I walked in the sunshine this morning, as the patchwork red rash it left me with burns on my neck and my nose. Worth it? Of course. Spring has been too long coming in our sleepy St. Louis town - a spring that I have simultaneously dreaded and delighted in its coming. It means new and change, it means marking everything we own by room and taping it all up in brown boxes and shipping it to another new place, to be painfully unloaded, arranged and rearranged, debated and hated and loved all over again.
I don't want to be painfully unloaded, arranged and rearranged all over again, like a portrait on a wall.
She looks best here, don't you think?
Oh no, the light is so much better over here.
And on and on again forever and ever it seems.
As this type of change is apt to do, it has flipped my anxiety switch to "high alert," feeding my frenzied mind with fear. Nothing is secure, everything is threatened. The strongholds I've created in this place will fall, and we'll pick up the pieces again. Who will we be in this new town? It feels like with every bounce these last few years, we're torn down to the foundation, and slowly built back up. I don't want to do that again.
I wind up tight as can be . And then fear spins me out, and I grasp for the tiny thread to pull me back.
It's a yo-yo, spinning in-and-out of my safe little shell.
Fear unwinds me.
It unravels these gorgeous golden threads that hold together my days - husband, cat, friends, love, food and exercise and all good things can unravel in an instant when my mind flickers to "what if?" and "why not?" and all the good is gone, replaced by the too-familiar hole in my stomach and rhythm of my raised heartbeat.
Fear is an ugly friend, and a worse enemy. It allows me to keep everything at arm's length, because what if?
I suppose one day I'll look back at this season and laugh - and say, as future me sips a glass of much better red wine than I can afford to drink today, how silly I was to worry away these moments instead of enjoying them.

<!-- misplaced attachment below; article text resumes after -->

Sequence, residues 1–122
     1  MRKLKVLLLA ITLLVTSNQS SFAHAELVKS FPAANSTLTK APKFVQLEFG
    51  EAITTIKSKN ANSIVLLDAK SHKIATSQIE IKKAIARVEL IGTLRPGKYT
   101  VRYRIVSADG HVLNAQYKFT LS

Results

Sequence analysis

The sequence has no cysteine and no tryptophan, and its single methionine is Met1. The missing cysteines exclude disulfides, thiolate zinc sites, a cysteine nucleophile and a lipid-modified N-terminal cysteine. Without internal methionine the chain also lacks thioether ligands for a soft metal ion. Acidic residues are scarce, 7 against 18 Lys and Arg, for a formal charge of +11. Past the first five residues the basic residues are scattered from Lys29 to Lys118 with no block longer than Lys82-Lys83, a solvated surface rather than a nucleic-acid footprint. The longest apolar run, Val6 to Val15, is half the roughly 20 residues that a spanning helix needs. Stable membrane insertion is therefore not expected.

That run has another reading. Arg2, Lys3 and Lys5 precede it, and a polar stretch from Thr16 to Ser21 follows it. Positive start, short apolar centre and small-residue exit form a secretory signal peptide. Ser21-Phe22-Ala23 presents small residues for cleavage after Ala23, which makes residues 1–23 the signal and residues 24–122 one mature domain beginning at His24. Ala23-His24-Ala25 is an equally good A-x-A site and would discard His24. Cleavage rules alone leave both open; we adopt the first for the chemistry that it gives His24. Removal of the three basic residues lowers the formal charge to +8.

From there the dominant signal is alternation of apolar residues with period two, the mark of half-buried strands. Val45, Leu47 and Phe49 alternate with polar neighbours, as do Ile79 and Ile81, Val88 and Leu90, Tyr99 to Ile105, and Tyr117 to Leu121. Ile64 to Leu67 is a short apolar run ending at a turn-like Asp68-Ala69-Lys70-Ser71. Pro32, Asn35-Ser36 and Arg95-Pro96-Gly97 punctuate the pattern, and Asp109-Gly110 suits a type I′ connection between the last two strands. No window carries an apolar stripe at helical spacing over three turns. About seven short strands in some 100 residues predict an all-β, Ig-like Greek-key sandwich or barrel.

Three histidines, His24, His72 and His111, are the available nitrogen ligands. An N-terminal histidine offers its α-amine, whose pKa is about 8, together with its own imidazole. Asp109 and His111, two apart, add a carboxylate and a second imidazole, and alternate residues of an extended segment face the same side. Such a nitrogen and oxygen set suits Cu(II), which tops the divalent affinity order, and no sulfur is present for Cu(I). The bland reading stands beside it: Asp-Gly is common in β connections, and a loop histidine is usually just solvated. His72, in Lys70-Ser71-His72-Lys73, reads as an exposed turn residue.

But right now, I can barely stomach the idea of unpeeling another layer of me and of us, to figure out who we are and what we mean and what Mexican restaurant is the best in another new town.
I stumbled on this the other day, from Oswald Chambers. It's long, but nothing has captured the spirit of this season quite like this. It is my heart, my prayer - and my hope.
Certainty is the mark of the commonsense life—gracious uncertainty is the mark of the spiritual life. To be certain of God means that we are uncertain in all our ways, not knowing what tomorrow may bring. This is generally expressed with a sigh of sadness, but it should be an expression of breathless expectation. We are uncertain of the next step, but we are certain of God. As soon as we abandon ourselves to God and do the task He has placed closest to us, He begins to fill our lives with surprises.
We are not uncertain of God, just uncertain of what He is going to do next. If our certainty is only in our beliefs, we develop a sense of self-righteousness, become overly critical, and are limited by the view that our beliefs are complete and settled. But when we have the right relationship with God, life is full of spontaneous, joyful uncertainty and expectancy. Jesus said, “. . . believe also in Me” (John 14:1), not, “Believe certain things about Me”. Leave everything to Him and it will be gloriously and graciously uncertain how He will come in—but you can be certain that He will come. Remain faithful to Him.